How to Calculate 3 Sigma

by Gerald Hanks - Updated September 26, 2017
Gaussian (bell) curve

Statisticians use the standard deviation, also known as "sigma," to measure how far a piece of data is from the average. In the classic Bell curve, the further to the right the data lies on the curve, the higher that data is than the statistical average. Business analysts use terms such as "three sigma" to represent processes that operate efficiently and produce the highest-quality products.

Importance of Three Sigma

While the idea of calculating standard deviations and three sigma may appear to be an esoteric statistical problem best left to textbooks, these calculations have important business applications. On a traditional Bell curve, data that lie above the average and beyond the three sigma line represent less than 1 percent of all data points. According to scientist and statistician Walter Shewart, three sigma represents the boundary between "ordinary" and "extraordinary."

Calculate the Average

The average -- or statistical mean -- of a data set is calculated by finding the sum of all data points and dividing that sum by the number of data points. The average represents the starting point for finding the standard deviations. For example, a series of eight tests gives data points of 9.0, 9.1, 9.3, 9.4, 9.5, 9.6, 9.8 and 9.9. The average of these data points is (9.0 + 9.1 + 9.3 + 9.4 + 9.5 + 9.6 + 9.8 + 9.9)/8, or 9.45.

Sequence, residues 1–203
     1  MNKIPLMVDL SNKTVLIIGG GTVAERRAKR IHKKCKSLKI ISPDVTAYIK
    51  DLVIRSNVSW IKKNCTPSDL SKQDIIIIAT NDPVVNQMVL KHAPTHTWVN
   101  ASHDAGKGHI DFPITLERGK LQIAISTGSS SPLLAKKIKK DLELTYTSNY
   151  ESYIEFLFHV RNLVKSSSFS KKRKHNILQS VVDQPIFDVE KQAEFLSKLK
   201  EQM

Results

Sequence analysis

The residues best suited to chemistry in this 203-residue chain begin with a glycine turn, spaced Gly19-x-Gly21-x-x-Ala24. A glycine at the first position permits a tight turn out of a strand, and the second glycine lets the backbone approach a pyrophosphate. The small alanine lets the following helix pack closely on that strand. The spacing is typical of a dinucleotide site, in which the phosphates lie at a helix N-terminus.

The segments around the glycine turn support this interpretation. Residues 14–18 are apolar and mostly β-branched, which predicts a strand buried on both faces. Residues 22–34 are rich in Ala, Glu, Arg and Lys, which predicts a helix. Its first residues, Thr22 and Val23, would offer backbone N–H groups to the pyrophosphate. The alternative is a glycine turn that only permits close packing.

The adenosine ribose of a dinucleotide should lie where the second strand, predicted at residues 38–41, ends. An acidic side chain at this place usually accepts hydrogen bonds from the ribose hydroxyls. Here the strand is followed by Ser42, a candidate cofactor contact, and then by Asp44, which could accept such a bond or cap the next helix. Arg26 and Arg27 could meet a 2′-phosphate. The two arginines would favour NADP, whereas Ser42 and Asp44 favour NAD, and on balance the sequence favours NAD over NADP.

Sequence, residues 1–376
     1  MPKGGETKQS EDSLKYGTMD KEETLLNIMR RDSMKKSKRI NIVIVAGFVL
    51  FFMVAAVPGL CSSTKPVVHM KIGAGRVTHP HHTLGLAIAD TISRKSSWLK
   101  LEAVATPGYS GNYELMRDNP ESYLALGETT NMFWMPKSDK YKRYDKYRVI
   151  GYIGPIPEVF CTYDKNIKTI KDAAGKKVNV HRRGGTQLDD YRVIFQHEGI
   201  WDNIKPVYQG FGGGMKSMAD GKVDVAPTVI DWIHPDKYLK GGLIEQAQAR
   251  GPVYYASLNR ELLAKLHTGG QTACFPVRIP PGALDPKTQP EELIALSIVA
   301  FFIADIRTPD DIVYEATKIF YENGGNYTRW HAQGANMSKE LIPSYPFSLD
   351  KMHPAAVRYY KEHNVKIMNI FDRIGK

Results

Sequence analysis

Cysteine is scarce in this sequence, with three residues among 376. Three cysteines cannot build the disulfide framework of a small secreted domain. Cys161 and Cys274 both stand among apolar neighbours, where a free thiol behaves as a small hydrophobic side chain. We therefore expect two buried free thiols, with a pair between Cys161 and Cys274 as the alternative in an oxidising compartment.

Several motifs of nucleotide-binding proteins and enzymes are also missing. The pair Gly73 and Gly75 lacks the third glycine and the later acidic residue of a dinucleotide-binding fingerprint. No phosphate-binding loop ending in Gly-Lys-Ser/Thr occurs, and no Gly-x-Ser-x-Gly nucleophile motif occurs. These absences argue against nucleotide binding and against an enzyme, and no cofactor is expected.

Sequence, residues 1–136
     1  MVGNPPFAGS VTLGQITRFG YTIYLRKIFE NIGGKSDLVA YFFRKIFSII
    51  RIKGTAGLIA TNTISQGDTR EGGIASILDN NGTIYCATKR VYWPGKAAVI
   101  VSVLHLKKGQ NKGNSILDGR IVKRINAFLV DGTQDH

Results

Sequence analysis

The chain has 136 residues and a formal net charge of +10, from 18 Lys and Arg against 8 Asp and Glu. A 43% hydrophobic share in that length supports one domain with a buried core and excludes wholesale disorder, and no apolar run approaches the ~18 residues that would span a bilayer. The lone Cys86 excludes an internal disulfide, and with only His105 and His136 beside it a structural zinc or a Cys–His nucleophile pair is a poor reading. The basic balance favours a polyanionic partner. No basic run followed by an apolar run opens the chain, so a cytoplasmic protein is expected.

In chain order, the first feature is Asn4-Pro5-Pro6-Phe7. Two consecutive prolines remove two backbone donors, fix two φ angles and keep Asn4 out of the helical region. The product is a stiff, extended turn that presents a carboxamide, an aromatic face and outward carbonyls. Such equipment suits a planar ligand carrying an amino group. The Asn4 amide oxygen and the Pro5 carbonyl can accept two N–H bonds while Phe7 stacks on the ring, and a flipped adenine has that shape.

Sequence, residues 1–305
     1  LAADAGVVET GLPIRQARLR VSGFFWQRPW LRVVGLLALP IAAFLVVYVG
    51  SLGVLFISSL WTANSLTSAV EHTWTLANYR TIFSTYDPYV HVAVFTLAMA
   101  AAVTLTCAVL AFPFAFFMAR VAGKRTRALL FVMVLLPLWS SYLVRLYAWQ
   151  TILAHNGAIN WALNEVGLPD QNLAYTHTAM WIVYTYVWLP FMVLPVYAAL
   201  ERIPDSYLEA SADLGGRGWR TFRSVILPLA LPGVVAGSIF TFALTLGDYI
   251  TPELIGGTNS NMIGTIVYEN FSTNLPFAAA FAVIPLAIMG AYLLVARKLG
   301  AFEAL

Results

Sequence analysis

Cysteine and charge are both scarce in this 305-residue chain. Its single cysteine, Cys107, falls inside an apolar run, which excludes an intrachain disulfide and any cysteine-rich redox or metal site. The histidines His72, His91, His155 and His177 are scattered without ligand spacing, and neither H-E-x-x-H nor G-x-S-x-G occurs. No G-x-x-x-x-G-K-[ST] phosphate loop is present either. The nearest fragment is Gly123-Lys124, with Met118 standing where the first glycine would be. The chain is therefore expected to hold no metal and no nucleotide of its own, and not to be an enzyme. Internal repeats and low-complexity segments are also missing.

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Calculate the Variance

The variance represents the spread between the data points. To find the variance, generate a new data set consisting of the difference between each data point and the mean, then squaring the difference. The variance is the average of these data points. For the data set in the previous section, the first data point to calculate the variance would be (9.45-9.0)^2, or (0.45)^2, or 0.2025. The next data point would be (9.45-9.1)^2, or (0.35)^2, or 0.1225, and so on. The sum of the "difference squares" is 0.7, and the variance is 0.7/8, or 0.0875.

Calculate Three Sigma

The standard deviation is found by identifying the square root of the variance. In the data set above, the standard deviation is the square root of 0.0875, or 0.2958. Three standard deviations is three times the square root, or 0.8874. Three sigma is three standard deviations above the mean. In the data set above, three sigma is 9.45 + 0.8874, or 10.3374. Since none of the data reach that high, the testing process has not yet reached "three sigma" quality levels.

About the Author

Living in Houston, Gerald Hanks has been a writer since 2008. He has contributed to several special-interest national publications. Before starting his writing career, Gerald was a web programmer and database developer for 12 years.

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